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13th September 2022  Content supplied by: Hygiena

Minimizing Contamination Throughout the Food Supply Chain - Steps to Consider


Generally, when we consider food processing, we don’t consider the role of the entire food supply chain when it comes to minimizing risk of contamination. However, it is vital to assess when implementing a food safety program within any facility as sources of contamination can be found at every step in the process.

Often, a final food product originated on a farm and was processed, manufactured and sold via multiple steps in multiple facilities, where it finally was purchased by a consumer. Traceability along that pathway and testing at each step ensured the food was safe for consumption and free of contaminants, including pathogens, spoilage organisms and cross-contaminating allergens. By taking a One Health approach, and examining all angles – from human to animal to plant to environmental, it is easier to identify shared health threats globally.

As an example, consider the livestock industry (meat and poultry). Animals are raised on a farm and fed grains and nutrients obtained from other locations. Grains must be free of mycotoxins and often need to be validated as GMO-free. Animals then consume these grains – if contaminants are present, it can impact the animals’ health and overall fitness for the food supply chain. The next step, processing, can introduce a number of microbiological hazards, from pathogens to spoilage organisms, to cross-contaminating hazards, all impacting overall product quality and suitability for sale.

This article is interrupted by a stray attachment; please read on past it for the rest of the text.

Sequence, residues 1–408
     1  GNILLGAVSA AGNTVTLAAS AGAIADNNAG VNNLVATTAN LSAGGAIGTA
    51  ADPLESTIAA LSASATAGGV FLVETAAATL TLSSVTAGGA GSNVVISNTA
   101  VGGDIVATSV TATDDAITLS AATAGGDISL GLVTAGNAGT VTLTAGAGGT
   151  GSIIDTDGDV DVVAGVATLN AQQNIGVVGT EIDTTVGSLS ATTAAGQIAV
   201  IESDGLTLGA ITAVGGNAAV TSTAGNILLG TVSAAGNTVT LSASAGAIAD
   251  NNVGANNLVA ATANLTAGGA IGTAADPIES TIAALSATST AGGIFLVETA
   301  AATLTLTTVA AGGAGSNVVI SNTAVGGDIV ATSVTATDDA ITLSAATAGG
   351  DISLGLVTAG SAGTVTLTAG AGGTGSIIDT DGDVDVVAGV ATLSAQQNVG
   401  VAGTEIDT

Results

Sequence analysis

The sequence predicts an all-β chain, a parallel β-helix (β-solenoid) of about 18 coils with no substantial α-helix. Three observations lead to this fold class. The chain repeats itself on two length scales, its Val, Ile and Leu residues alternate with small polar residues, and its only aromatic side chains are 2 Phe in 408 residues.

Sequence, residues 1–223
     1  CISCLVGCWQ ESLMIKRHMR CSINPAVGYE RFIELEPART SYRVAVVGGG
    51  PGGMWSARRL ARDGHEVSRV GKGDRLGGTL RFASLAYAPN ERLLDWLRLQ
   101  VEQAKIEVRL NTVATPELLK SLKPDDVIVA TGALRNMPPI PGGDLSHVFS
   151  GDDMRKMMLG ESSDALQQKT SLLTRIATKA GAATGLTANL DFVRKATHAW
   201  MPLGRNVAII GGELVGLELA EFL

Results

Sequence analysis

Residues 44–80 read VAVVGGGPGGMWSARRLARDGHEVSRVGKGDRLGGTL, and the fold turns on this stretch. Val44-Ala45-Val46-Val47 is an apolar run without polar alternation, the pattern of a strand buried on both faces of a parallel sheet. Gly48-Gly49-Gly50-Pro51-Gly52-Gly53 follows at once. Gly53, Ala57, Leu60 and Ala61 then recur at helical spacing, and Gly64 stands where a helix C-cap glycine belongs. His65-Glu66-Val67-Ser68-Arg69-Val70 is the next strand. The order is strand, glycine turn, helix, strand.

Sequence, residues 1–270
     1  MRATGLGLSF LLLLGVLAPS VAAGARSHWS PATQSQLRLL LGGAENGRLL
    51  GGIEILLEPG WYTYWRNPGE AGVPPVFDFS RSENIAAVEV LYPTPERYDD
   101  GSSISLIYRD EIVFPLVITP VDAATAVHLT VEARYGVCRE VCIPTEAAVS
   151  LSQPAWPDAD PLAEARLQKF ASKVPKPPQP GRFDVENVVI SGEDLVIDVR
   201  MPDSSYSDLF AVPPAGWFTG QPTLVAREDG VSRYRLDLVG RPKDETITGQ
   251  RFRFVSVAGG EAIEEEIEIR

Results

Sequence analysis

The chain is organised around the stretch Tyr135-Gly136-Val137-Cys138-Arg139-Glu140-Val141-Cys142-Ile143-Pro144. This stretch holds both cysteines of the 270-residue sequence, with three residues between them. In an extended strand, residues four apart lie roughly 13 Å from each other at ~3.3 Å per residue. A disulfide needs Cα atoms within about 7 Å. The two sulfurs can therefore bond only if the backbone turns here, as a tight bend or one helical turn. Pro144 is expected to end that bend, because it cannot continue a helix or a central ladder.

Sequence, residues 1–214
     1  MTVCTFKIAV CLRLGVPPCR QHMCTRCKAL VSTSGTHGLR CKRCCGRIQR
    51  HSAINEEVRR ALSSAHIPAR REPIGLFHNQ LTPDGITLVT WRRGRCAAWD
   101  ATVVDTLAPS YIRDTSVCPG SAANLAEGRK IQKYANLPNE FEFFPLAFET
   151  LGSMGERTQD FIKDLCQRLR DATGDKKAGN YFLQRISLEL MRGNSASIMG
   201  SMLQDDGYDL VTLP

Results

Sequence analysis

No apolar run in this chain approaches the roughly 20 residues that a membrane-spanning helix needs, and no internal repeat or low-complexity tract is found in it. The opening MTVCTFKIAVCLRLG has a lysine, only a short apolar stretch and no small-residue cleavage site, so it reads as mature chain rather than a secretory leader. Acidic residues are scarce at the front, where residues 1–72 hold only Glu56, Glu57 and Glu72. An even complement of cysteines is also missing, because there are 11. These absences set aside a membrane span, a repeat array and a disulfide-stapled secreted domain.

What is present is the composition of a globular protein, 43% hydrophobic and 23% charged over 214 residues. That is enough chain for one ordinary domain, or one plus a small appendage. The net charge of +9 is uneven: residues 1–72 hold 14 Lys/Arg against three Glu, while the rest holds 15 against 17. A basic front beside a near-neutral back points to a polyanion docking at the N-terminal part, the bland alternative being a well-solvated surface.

As part of this processing, the meat and/or poultry may be further processed into a mixed-source product (such as a meat spread with fillers and spices) with the addition of other components to manufacture a meat-containing product. This is then used to make a second product (such as a sandwich with lettuce and tomato) which is then packaged and sold to retailers. During these steps, the risk of additional contaminants is high. This is where cross-contamination risk is at its highest. In addition, proper labelling must be included on this final product, meaning material must be accounted for through strict testing and labeling requirements. This is where allergens often are introduced along with additional pathogens and spoilage organisms.

Of course, the consumer expects their purchase to be free of all these contaminants and fully traceable back to the source. How is that possible? Can testing be performed throughout this process to ensure the food products are free from contamination? The answer of course is yes. In fact, some companies, including Hygiena®, provide testing products to ensure safety throughout this processing workflow.

Examples of testing performed at each step from farm to consumer:

  • Farm feed – Mycotoxin testing, GMO analysis
  • Livestock – Pathogen testing, Mycotoxin testing
  • Processing – Environmental monitoring, Pathogen testing, Spoilage organism testing
  • Manufacturing meat product - Environmental monitoring, Pathogen testing, Spoilage organism testing, Residue/allergen/toxin testing
  • Further manufacturing/medication – Residue/allergen/toxin testing, Hygiene monitoring, Food authenticity
  • Retail – Residue/allergen/toxin testing, Hygiene monitoring, Food authenticity
  • Consumer – Gluten testing, Hygiene monitoring

For each of these testing needs, Hygiena offers these solutions and more.

Click here to find out more or use the Request Information button below to contact the supplier.

    

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Date Published: 13th September 2022

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